By using these EOR and finding apprpriate ratios (instead of 1,0,-1 as in Hi Low) you can make a more accurate Counting System.
The ultimate Counting system is of course using the EOR per se.
ie for 2 +3.875 (instead of +1)
for 3 +4.610 (instead of +1)
for 10 -4.932 (instead of -1)
Sonuvabish
Sonuvabish
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March 15th, 2014 at 1:30:19 AM permalink
Quote: AceTwo

Quote: kubikulann

In the Wiz-of-Odds page Effect of Card Removal in Blackjack (Appendix 7) the table is said to exhibit effects on the player's Expected Value. Is this not rather the House Edge (in negative) ?

Also, the figure for 10:
is it the effect of removing, say, one King in four (and leaving the Q, J, 10), or is it the effect of removing one in four of every ten-valued card?



Effect of Removal and House Edge are 2 completely different things.
Effect of Removal (of a specific card) is the change in HE if one specific card is removed.
I think WoO shows the effect of removal with respect to the player.
For example for A the EOR is -0.005816 meaning that if one A is removed the game becomes worse by -0.005816 (or the HE becomes worse by this amount)

For 10s is the effect of removing 1 10 value card (10 or J or Q or K).

EOR are used to make Counting systems like Hi Lo.
By using these EOR and finding apprpriate ratios (instead of 1,0,-1 as in Hi Low) you can make a more accurate Counting System.
The ultimate Counting system is of course using the EOR per se.
ie for 2 +3.875 (instead of +1)
for 3 +4.610 (instead of +1)
for 10 -4.932 (instead of -1)



So since the house edge is positive, are you supposed to subtract a card's EOR to get the new house edge, or is taking out Aces good for the player since a negative EOR would decrease the house edge? I will be ungrateful for any clarification.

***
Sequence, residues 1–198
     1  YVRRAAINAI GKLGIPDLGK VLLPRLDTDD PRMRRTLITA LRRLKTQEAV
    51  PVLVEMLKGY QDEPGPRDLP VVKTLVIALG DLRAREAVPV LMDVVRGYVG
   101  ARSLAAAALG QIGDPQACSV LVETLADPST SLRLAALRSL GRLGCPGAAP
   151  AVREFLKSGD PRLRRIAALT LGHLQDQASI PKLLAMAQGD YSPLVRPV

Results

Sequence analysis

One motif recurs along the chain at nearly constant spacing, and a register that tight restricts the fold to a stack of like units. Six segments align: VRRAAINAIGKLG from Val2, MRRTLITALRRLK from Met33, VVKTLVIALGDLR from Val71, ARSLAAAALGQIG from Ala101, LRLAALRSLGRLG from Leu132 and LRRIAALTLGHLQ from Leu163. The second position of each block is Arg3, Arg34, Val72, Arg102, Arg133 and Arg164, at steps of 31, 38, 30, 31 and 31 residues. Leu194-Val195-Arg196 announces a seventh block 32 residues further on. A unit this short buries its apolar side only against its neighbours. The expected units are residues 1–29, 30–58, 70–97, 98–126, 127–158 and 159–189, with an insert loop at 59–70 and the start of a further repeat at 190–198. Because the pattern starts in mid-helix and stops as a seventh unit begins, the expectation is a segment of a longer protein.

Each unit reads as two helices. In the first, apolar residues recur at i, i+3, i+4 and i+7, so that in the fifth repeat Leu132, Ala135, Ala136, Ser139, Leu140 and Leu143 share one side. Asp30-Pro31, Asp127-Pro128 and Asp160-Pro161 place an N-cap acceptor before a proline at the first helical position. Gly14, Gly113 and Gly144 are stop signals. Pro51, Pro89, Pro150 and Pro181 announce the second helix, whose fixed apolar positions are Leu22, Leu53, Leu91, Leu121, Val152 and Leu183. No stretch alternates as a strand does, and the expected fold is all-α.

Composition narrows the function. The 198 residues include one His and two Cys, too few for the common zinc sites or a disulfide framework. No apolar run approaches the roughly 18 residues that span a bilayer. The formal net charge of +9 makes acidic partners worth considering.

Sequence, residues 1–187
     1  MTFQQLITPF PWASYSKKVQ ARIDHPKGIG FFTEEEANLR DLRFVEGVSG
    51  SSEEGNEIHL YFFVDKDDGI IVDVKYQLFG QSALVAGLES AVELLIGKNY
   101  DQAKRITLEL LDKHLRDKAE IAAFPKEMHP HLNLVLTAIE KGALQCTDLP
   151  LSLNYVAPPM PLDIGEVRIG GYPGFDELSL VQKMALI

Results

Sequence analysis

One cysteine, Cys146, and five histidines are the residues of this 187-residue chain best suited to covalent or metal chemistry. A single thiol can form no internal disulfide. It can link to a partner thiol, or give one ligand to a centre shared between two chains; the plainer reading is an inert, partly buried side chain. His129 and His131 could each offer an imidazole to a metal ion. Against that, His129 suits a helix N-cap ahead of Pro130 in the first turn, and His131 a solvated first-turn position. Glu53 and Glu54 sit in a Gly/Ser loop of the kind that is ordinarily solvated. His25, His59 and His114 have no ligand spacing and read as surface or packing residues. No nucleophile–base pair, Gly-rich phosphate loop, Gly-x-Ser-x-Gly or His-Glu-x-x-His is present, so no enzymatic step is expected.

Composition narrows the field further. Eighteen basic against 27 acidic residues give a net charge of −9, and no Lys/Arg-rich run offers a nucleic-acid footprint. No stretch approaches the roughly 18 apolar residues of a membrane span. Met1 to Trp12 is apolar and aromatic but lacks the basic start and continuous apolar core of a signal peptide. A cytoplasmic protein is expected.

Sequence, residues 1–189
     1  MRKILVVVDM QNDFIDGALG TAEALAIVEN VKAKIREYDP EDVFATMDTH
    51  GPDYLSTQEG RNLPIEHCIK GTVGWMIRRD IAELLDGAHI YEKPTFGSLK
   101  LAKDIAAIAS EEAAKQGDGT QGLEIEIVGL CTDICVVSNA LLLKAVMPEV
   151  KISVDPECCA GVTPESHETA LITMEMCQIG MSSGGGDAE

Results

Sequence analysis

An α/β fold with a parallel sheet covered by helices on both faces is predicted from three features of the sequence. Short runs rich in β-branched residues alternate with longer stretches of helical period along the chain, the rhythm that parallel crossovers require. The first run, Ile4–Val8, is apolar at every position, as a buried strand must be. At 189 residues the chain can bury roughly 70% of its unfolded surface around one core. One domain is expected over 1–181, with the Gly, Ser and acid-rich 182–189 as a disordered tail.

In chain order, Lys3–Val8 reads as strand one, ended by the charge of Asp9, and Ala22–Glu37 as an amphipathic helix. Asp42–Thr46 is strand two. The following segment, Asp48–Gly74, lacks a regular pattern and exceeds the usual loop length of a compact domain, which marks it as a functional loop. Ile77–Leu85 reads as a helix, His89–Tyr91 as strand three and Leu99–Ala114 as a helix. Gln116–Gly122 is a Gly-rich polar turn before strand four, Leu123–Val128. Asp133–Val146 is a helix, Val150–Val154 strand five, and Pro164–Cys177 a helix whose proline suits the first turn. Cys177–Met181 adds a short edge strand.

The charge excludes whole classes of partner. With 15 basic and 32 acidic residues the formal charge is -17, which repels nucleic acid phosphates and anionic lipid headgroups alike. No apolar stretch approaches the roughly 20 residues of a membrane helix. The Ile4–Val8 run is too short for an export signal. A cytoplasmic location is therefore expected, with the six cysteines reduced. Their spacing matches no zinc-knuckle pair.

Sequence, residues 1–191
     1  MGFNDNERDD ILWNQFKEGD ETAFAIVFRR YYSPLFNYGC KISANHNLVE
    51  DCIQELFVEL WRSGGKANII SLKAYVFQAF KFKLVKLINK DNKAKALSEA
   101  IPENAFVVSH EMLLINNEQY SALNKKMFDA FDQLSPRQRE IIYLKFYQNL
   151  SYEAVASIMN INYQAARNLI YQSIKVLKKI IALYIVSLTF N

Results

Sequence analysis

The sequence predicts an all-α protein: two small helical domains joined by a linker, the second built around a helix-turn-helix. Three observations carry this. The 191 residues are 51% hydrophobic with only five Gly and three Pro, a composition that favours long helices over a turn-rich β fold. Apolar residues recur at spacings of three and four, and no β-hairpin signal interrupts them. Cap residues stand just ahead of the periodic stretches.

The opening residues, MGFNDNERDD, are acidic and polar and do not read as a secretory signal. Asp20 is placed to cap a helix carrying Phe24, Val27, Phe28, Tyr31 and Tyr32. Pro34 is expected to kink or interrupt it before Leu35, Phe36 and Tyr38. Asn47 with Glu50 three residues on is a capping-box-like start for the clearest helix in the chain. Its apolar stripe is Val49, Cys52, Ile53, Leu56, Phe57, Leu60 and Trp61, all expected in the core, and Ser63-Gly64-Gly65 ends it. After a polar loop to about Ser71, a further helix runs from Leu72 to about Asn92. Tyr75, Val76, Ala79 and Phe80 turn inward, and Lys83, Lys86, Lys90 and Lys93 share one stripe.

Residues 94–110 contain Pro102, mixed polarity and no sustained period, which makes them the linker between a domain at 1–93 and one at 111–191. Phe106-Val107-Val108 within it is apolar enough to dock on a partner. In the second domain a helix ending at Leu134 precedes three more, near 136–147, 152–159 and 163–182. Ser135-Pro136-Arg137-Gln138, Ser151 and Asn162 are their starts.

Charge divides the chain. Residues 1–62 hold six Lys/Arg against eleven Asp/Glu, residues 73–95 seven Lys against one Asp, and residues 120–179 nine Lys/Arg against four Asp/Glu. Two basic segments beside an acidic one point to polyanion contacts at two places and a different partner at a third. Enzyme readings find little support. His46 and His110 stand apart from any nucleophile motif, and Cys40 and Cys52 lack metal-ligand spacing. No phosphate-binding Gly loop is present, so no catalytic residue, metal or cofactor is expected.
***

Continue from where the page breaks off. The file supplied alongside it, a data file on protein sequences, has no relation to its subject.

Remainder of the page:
beachbumbabs
Administrator
beachbumbabs
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March 15th, 2014 at 1:53:57 AM permalink
Quote: kubikulann

In the Wiz-of-Odds page Effect of Card Removal in Blackjack (Appendix 7) the table is said to exhibit effects on the player's Expected Value. Is this not rather the House Edge (in negative) ?

Also, the figure for 10:
is it the effect of removing, say, one King in four (and leaving the Q, J, 10), or is it the effect of removing one in four of every ten-valued card?



As I read that appendix, for any given set of BJ rules (which has its own HE determined by things like hit or stand on soft 17, pay BJ 3:2 or 6:5 etc.), the effect of removal moves the EV in the player's favor that amount for those cards with a positive value, per card of that rank, and in the house's favor for those cards with a negative value, per card. The numbers themselves are not the HE of the game, but they had to be calculated using some set of BJ rules, so the Wizard states "Infinite Deck, etc."

The 10's place reads as any single 10-value card, whether 10, J, Q, or K, has a - effect per card, not as a group of 4. Obviously I'm not the Wizard, but it seems the only way to read either point to me.
If the House lost every hand, they wouldn't deal the game.
AceTwo
AceTwo
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March 19th, 2014 at 1:47:03 PM permalink
Quote: Sonuvabish


So since the house edge is positive, are you supposed to subtract a card's EOR to get the new house edge, or is taking out Aces good for the player since a negative EOR would decrease the house edge? I will be ungrateful for any clarification.



The EOR are shown with respect to the Player.
With respect to the player the HE is negative, say -0,005 (-0,5%) say for a BJ game.

Also NOTE the following from WoO EORs.
"The following table shows the effect on the player's expected value by removing one of the given card for each deck. For example if the removed card is a seven then each deck would have three sevens, as opposed to the usual four"
So the EORs that WoO shows is for one removal of one card per deck, so for a 6 deck game these are the EORs for removing 6 cards.
Other authors show the EOR for removing one card ONLY from all decks.

So for say a 6 deck game with HE of -0,005 (-0,5%)
If you remove 6 Aces the effect is -0,005 (-0,005816 to be exact) ie -0,5%. So the game becomes -1% (-0,5%-0,5%).
If you remove 6 Sixes the effect is +0,005 (+0.004553 to be exact) ie +0,5%. So the game becomes 0% (-0,5%+0,5%)
Removing 6 Sixes is Running Count +6 and True Count +1 (6/6). At TC 1 the EV is 0%.